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Spanish winemakers revive ancient climate-resistant grapes

Spanish winemakers are resurrecting late-ripening and heat-tolerant grape varieties in a bid to tackle the challenges of climate change.

In a recent report in The Guardian, fourth-generation winemaker Miguel A Torres, president of Familia Torres winery revealed how the foray into long forgotten grape varieties is set to play a key role in tackling a climate-affected future.

Torres said: “I simply wanted to recover the heritage – the ancient traditions and vines – left to us by our ancestors. And then we realised that some of these varieties take longer to ripen, meaning they might be able to help us in a warming world.”

He explained: “Climate change is the worst threat the sector has ever faced. In the 19th century we had the phylloxera plague that wiped out vineyards across Europe. This is much worse.”

José Miguel Martínez Zapater, the director of the Institute of Grapevine and Wine Sciences in La Rioja which hopes to bolster wine grape diversity, observed how some grapes fell into disuse and explained: “People are finding varieties in different areas that they consider interesting.”

At Spain’s Agrarian Technological Institute of Castilla y Leon, (ITACyL), two decades of research have led to it recovering more than a dozen varieties of grapes, including: Estaladiña, a grape that dates back to 1914, and Cenicienta, a grape that came very close to extinction and is known for making fruity reds.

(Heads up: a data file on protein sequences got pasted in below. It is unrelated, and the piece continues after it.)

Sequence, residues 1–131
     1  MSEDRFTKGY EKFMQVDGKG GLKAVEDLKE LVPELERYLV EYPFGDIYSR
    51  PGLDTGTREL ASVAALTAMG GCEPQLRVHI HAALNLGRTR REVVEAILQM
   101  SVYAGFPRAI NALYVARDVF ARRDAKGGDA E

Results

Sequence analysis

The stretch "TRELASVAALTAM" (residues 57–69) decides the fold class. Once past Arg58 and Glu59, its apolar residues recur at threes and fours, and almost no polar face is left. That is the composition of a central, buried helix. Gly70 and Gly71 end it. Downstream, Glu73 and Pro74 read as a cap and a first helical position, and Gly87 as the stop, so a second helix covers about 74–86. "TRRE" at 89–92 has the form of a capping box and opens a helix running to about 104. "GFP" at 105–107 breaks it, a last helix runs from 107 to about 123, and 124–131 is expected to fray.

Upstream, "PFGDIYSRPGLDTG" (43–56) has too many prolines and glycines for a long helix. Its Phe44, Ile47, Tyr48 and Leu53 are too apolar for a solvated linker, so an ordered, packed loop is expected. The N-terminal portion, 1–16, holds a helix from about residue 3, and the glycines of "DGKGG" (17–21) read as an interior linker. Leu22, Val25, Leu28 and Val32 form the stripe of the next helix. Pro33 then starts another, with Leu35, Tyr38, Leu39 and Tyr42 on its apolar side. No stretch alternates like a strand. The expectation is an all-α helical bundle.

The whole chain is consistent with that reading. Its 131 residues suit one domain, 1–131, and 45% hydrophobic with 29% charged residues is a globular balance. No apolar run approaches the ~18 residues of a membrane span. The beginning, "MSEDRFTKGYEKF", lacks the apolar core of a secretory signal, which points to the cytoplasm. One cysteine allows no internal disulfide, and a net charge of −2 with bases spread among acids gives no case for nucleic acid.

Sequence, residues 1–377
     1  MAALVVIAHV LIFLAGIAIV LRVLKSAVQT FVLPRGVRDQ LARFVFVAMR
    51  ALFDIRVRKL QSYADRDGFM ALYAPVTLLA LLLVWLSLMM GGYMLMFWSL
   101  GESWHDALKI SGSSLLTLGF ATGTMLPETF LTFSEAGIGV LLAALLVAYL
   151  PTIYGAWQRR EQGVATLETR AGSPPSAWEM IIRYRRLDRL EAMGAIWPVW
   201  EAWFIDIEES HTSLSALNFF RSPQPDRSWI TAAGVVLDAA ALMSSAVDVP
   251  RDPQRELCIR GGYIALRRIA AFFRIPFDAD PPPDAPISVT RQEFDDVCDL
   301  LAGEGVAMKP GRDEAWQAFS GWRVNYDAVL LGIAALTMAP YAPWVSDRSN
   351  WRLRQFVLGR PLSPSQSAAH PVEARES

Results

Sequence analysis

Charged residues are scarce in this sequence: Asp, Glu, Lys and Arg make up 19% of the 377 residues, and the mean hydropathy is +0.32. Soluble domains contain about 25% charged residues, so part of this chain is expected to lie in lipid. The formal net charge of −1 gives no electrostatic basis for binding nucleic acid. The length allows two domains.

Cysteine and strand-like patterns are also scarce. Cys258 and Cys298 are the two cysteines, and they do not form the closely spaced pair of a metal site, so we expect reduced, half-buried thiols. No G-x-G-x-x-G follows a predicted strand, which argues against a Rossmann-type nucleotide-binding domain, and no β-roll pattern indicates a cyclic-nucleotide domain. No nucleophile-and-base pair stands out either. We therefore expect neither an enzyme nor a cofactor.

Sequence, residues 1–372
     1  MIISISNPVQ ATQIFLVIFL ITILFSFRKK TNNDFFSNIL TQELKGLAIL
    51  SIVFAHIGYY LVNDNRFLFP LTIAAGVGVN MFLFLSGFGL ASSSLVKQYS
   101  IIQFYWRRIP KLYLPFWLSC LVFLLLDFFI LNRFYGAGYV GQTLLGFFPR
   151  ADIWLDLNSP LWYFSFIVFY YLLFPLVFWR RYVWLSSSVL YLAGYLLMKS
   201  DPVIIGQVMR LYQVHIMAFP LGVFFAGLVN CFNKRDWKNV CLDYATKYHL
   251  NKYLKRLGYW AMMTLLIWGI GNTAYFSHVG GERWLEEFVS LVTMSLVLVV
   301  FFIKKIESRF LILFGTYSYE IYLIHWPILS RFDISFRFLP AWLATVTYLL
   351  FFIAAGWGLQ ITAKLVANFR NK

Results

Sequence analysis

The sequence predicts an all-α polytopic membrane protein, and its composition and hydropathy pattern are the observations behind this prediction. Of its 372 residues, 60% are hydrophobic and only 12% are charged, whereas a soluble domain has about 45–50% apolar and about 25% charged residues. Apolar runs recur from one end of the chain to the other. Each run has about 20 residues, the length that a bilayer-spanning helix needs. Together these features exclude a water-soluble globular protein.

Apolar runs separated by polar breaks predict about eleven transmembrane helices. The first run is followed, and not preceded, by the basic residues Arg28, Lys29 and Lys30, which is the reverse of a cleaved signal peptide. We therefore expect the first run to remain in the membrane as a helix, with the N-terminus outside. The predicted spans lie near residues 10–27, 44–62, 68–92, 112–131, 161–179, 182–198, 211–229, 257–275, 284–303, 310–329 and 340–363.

José Antonio Rubio Cano, who heads the viticulture and woody crop department at the institute, explained: “The wines they make are very distinct and interesting. They’re surprising and different from anything else.” But, he warned: “There’s no one solution. It has to be a set of things; we have to pay more attention to the vines, be more aware of how their fruits are ripening and we need to develop a deeper understanding of the vineyard and the different varieties.”

Almudena Alberca, the technical director for Entrecanales Domecq, insisted: “The possibilities are endless. I think these varieties are going to provide support, as something we can blend into our wines. Right now, a whole world of possibilities is opening up and we’ll see down the road where we need to go.”

Torres added:  “I’ve always said that the wine sector is the canary in the coalmine. The consequences that vineyards are living through right now should make everyone take notice.”

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